Cross-Bedded Sandstones: Windblown or Water Carried?

Cross-Bedded Sandstones: Windblown or Water Carried?

Posted by on May 6, 2020 in Blog Posts, Nuttings from the Front | 1 comment

 

Cross what? Sandstone was formed from sand that became washed or blown into place and later cemented together by waterborne minerals to become solid rock. Crossbedding refers to a specific type of layering which is noticeable in many sandstone deposits. In the picture above, notice the flat horizontal line and then the layers dipping downward to the left. This is typical crossbedding. Measuring the angle that the layers dip can give a clue as to what deposited the sand. Studies indicate that wind-deposited sand (think Sahara sand dunes) is frequently 30 to 37 degrees. Water-deposited sand is typically less than 30 degrees. The crossbedding in the photo above of the Entrada sandstone measures about 25 degrees. From that we get a good clue that this sandstone was deposited under water.

Where we have been able to measure the angles in the Wingate and Entrada Sandstones of the Colorado National monument, we have found angles of 25 degrees or less. This is significant. According to the prevailing view, the Wingate and Entrada sandstones were formed over millions of years from huge wind-blown sand dunes. The angle of crossbedding, however, indicates that it was deposited underwater by strong currents. Such deposition would not take long and could have easily been completed during the yearlong Noahic Flood.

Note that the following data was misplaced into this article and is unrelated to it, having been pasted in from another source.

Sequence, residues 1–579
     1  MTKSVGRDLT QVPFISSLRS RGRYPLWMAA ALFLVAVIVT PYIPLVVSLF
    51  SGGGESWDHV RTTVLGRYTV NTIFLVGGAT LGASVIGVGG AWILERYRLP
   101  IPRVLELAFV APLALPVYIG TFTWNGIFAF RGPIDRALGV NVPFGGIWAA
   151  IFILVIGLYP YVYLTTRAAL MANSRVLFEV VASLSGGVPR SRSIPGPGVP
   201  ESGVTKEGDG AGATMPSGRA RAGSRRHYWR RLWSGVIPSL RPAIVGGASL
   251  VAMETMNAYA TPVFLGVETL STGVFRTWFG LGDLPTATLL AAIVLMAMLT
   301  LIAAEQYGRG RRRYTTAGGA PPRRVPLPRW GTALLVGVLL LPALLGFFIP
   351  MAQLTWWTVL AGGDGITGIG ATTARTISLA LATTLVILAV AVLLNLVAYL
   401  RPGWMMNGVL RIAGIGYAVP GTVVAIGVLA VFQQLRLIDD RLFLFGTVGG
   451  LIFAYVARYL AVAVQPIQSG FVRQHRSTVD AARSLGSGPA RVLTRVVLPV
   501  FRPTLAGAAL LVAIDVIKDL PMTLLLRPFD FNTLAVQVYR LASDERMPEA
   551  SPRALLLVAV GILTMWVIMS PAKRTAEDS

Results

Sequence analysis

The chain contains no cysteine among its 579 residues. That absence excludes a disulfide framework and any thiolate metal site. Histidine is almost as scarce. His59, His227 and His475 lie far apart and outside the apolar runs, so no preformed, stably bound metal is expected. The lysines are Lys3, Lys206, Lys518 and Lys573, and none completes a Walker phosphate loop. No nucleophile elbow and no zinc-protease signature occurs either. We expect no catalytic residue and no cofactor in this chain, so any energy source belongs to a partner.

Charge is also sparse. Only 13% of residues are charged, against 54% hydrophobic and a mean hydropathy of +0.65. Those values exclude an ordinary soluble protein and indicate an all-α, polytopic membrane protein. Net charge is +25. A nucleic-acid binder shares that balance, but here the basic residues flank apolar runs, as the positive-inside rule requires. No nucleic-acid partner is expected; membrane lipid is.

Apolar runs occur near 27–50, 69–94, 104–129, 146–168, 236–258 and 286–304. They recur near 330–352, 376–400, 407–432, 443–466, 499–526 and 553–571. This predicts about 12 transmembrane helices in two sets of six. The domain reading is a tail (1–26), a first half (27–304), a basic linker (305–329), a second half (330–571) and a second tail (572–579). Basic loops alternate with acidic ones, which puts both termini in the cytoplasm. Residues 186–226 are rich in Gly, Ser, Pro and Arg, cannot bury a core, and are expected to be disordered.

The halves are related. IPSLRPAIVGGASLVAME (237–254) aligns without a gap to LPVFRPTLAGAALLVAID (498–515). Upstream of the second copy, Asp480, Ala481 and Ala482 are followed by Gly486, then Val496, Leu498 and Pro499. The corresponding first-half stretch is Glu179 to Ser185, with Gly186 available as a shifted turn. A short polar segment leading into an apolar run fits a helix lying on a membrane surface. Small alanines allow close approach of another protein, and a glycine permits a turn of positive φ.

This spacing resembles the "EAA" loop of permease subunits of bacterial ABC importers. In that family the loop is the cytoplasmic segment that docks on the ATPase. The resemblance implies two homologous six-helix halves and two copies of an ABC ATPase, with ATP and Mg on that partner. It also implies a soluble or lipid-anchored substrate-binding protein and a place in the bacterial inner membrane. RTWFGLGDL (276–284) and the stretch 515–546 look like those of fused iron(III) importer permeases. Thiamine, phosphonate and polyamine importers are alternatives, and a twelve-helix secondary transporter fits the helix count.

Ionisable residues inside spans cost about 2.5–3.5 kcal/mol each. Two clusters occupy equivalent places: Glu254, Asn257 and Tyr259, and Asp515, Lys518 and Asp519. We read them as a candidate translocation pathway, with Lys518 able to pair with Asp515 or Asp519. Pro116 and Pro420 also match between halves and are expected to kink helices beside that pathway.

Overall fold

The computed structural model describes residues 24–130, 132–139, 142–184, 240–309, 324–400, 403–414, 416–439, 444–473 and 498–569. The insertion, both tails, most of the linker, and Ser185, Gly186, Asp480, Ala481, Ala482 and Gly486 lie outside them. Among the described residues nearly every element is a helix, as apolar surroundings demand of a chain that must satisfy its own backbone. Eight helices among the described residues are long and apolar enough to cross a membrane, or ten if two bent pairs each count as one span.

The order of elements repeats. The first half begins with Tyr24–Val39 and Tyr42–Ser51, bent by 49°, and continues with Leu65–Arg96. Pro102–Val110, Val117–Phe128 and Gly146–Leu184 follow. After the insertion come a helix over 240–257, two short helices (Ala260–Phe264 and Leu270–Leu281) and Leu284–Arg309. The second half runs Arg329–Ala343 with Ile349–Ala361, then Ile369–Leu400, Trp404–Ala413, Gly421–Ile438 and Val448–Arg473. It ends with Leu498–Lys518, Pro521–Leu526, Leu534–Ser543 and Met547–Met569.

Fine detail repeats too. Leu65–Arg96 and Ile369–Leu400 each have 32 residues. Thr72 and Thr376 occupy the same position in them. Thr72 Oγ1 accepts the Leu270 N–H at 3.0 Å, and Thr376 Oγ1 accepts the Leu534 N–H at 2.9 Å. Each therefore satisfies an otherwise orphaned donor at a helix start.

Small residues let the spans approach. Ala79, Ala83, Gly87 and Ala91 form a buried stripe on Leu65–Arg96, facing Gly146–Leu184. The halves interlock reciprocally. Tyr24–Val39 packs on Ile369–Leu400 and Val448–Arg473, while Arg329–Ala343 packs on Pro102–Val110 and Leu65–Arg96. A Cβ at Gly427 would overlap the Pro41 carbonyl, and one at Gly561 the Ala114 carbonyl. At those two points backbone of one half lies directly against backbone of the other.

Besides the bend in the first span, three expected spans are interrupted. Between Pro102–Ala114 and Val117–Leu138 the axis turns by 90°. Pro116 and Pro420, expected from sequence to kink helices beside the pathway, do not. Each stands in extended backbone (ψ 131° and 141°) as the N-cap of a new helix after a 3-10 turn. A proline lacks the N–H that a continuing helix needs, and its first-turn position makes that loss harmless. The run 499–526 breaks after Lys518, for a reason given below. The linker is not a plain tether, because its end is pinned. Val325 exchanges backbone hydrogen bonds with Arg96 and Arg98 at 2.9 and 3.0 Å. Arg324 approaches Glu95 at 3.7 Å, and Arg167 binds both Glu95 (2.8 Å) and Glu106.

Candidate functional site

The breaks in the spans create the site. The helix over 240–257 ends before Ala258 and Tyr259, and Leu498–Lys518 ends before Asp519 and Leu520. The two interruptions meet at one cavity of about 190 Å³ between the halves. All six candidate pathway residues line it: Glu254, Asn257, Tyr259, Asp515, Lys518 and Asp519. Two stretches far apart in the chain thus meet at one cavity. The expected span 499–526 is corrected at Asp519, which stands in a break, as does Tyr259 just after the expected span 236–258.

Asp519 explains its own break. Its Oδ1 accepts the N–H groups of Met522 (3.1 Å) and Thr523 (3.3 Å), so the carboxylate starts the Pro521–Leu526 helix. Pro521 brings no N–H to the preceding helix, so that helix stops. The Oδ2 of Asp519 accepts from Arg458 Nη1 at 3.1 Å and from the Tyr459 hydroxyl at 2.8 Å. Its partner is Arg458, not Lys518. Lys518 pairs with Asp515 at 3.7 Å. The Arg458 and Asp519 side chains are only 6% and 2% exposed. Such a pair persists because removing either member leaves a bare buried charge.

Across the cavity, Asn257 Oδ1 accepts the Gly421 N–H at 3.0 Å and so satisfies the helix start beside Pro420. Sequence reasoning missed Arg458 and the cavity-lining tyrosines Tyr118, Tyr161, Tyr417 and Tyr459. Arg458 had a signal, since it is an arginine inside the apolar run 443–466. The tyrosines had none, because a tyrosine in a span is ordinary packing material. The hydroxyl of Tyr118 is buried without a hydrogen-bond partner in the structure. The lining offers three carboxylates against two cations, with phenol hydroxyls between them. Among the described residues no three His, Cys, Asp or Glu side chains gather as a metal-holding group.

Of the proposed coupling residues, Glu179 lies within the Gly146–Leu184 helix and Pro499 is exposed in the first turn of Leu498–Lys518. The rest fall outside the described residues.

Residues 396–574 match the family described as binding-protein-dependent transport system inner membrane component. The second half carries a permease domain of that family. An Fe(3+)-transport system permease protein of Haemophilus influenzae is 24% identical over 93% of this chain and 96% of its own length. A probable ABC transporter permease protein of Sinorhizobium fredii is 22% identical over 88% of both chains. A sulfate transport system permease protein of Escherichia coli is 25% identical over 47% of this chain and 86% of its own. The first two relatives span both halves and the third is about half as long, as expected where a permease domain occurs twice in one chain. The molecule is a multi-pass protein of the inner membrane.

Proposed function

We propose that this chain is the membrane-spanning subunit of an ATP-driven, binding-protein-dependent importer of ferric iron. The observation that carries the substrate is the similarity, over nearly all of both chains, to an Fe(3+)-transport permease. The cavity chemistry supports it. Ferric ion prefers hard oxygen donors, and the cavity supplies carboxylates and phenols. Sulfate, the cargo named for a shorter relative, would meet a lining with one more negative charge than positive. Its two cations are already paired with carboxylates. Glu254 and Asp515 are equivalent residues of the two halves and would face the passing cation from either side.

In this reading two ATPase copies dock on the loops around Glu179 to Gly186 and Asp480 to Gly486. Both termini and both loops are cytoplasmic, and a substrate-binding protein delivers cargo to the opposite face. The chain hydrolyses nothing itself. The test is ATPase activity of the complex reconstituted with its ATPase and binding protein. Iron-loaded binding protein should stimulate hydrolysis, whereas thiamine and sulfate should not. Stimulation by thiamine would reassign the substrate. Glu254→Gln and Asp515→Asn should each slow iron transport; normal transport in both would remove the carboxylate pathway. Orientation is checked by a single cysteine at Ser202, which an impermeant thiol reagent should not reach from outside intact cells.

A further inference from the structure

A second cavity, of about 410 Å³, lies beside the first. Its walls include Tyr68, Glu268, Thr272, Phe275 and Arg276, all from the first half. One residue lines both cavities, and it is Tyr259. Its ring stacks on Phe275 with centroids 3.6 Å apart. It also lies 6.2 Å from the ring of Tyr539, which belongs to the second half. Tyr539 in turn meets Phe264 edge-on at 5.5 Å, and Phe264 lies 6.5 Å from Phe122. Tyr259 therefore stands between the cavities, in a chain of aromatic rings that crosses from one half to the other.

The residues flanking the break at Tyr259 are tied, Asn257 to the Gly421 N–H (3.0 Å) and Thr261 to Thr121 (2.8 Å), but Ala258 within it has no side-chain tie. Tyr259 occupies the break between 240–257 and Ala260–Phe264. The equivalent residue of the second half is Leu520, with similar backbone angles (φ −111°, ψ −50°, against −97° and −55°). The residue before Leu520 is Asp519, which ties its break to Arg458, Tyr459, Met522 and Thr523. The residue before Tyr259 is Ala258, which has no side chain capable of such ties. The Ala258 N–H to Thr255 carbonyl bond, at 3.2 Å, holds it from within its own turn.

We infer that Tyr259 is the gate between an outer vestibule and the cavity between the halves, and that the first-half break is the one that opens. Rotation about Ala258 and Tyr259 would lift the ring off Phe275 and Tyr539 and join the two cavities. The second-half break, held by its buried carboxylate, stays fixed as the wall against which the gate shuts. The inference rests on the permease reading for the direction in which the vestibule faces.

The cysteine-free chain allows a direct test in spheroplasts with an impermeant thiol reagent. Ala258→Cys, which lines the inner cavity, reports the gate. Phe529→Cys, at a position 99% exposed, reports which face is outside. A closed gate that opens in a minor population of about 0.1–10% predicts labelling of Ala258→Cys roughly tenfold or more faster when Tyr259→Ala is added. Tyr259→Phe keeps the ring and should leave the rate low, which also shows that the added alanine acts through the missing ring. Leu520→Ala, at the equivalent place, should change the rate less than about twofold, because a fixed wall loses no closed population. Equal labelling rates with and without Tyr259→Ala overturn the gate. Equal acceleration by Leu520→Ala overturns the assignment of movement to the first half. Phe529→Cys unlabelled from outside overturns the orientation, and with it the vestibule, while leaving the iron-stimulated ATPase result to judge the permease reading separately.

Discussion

Researchers have found the same thing with the huge layers of Navaho Sandstone at Zion National Park and with the Coconino Sandstone found in the Grand Canyon. Both of these deposits cover vast areas of the United States and are usually referred to as cemented Sahara-type sand dunes. Considerations such as individual sand particle size, shape, and features thought to be pitting from abrasion have been advanced as proof of a wind origin of the sandstone. However, recent research1 by Dr. John H. Whitmore focused on the angle of crossbedding, particle size, particle shape, as well as mineral content (particularly mica which is quickly destroyed in a windblown environment). His conclusion was that Coconino sandstones are more consistent with a water dune deposition.

More research on hundreds of samples needs to be undertaken to apply these analysis methods to the sandstones at the Colorado National Monument. Considering the angle of crossbedding observed here, we would predict that when preconceived ideas and blanket assumptions are removed, the research will be consistent with a water dune origin just like the other major sandstones mentioned above. But what kind of event can explain massive water dunes over large sections of North America? (Hint: check out Genesis chapters 6 through 8 in the Bible).

1Dr. John H. Whitmore, “Mica, Mica in the Sand, Tell Us Something Really Grand”, Answers magazine, Vol. 14 No. 5, pp 26-29. https://answersingenesis.org/answers/magazine/

See also:

https://answersingenesis.org/geology/grand-canyon/coconino-sandstone-most-powerful-argument-against-flood/

https://answersingenesis.org/geology/rock-layers/petrology-of-the-coconino-sandstone/

https://www.icr.org/article/marketing-navajo-sandstone

https://creation.com/startling-evidence-for-noahs-flood

 

Here are some other examples and info on crossbedding:

    1 Comment

  1. So Awesome! Thanks for the info. We are really looking forward to being able to do your CNM tour on our apple device. Than you for making available all this information and fighting the “millions of years” theory presented as fact.

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